I woke up this morning to find out that the federal government had appropriated for itself partial ownership of a bank -- Wells Fargo (NYSE: WFC ) -- of which I am a shareholder through the Treasury's plan to make direct investments in some of the country's largest banks. That's disconcerting, because some of the banks in question didn't need a government-funded capital infusion.
And the winners are …
The group includes the largest companies in each banking subsector, from universal banks such as JPMorgan Chase (NYSE: JPM ) , Bank of America (NYSE: BAC ) , and Citigroup, to investment-turned-commercial banks Goldman Sachs and Morgan Stanley, and custodian banks such as State Street (NYSE: STT ) , and Bank of New York Mellon (NYSE: BK ) .
(That last category of banks has not received much attention during the current crisis, but they are a vital part of the financial system's plumbing because they track and hold assets, primarily bonds and equities on behalf of institutional investors. The largest global custodian, Bank of New York Mellon, has a mammoth $23 trillion of assets under custody or administration.)
Don't misunderstand me -- I think it makes a lot of sense for the Treasury to make equity investments in U.S. banks at this time. The magnifying effect of leverage means an equity investment wields greater impact than simply removing troubled assets from bank balance sheets. It had become clear that the banking sector as a whole was undercapitalized.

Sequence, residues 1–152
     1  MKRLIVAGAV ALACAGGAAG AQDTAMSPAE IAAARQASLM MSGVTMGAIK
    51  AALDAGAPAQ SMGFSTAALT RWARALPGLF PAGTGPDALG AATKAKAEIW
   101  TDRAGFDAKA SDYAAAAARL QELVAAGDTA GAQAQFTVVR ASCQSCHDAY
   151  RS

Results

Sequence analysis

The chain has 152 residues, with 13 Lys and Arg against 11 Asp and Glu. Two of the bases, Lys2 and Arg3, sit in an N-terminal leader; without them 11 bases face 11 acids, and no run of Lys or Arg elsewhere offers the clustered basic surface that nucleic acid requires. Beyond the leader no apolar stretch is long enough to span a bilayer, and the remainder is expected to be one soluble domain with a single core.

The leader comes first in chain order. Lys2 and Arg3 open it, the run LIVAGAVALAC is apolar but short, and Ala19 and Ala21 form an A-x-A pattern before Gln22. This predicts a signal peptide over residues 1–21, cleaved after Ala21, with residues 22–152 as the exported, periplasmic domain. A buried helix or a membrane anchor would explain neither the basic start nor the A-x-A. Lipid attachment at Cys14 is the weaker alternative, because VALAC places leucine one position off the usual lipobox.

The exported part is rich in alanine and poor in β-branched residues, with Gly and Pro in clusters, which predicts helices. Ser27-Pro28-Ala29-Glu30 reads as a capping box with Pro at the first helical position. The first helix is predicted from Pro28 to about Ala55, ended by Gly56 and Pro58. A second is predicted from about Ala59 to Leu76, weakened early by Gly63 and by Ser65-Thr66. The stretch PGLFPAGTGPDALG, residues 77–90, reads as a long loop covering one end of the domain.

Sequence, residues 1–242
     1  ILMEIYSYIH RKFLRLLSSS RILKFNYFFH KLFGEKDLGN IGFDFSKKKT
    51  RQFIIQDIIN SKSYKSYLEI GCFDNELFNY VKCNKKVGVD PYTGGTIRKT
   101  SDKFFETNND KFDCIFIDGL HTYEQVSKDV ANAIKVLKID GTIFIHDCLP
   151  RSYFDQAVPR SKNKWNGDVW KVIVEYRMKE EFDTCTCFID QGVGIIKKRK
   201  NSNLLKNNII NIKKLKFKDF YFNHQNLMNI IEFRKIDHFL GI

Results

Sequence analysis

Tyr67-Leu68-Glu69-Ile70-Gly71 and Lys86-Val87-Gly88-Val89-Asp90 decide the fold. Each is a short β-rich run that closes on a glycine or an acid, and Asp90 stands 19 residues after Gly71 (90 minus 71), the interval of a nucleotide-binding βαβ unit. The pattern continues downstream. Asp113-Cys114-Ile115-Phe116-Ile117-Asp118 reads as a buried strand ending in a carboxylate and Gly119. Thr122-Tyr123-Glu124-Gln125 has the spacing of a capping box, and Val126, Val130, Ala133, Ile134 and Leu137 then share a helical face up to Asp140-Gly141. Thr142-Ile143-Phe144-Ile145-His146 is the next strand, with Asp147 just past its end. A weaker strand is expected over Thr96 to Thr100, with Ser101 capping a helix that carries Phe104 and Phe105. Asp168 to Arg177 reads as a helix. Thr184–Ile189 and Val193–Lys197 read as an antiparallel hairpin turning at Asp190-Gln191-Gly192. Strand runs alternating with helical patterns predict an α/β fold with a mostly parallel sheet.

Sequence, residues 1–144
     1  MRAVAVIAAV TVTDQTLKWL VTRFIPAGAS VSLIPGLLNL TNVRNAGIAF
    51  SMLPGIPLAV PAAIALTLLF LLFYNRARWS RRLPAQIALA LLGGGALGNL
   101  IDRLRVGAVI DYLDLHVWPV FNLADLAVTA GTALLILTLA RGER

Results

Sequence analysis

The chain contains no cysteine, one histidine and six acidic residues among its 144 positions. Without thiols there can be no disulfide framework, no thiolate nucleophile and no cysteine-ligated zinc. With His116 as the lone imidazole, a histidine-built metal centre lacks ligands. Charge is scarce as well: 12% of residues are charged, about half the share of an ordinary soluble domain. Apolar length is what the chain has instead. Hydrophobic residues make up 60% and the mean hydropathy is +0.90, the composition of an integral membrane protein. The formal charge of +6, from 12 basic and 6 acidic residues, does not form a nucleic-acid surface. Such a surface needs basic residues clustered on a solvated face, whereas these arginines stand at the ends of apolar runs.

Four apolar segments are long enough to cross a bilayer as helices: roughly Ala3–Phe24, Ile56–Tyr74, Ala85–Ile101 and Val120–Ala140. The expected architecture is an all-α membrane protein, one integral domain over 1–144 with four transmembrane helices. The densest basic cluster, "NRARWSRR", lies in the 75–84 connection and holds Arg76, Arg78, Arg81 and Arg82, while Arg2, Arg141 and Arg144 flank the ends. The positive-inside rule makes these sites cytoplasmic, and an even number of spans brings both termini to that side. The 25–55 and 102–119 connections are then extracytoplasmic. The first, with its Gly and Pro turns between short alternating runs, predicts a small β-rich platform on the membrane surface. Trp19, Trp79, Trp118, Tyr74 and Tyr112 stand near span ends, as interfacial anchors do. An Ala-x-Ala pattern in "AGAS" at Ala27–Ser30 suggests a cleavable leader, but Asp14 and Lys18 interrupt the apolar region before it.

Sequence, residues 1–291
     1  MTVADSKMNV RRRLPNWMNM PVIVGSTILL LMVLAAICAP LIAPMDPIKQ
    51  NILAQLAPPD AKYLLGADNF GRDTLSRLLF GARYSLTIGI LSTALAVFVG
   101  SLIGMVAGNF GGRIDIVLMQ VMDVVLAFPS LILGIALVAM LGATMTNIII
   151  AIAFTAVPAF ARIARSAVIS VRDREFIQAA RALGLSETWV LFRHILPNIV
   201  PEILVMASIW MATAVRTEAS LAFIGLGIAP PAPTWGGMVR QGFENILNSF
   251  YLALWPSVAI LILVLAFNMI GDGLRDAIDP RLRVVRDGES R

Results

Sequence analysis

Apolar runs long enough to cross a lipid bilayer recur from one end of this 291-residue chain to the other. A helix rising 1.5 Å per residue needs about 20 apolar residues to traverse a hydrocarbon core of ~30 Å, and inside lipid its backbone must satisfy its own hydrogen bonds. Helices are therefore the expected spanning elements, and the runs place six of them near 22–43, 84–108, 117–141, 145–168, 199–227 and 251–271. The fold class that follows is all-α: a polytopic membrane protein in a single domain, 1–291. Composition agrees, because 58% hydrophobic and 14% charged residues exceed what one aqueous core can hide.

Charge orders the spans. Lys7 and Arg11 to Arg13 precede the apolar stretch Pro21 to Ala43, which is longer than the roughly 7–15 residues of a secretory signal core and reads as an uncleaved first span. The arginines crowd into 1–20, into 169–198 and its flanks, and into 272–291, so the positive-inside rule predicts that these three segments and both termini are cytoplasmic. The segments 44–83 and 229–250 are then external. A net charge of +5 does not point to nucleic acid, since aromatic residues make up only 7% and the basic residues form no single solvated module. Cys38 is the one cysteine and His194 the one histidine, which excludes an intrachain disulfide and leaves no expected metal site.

My concern is whether size should be the Treasury's governing criterion in choosing investment targets. Not all the institutions on its list are in a precarious position -- far from it. Could well-run banks like BB&T (NYSE: BBT ) and US Bancorp (NYSE: USB ) be part of the second round?
Targeting only the largest organizations in each segment is high theater on Hank Paulson's part; perhaps that's what is required to restore investor confidence and avoid a complete breakdown of the banking system. The short-term effect is clear; as I write this, the KBW Bank Index is up more than 11% today.
The move could have insidious longer-term effects, though, as it strengthens the "too big to fail" doctrine of bank regulation (which largely contributed to this debacle) and penalizes the better-run organizations for the mistakes of their incautious peers.
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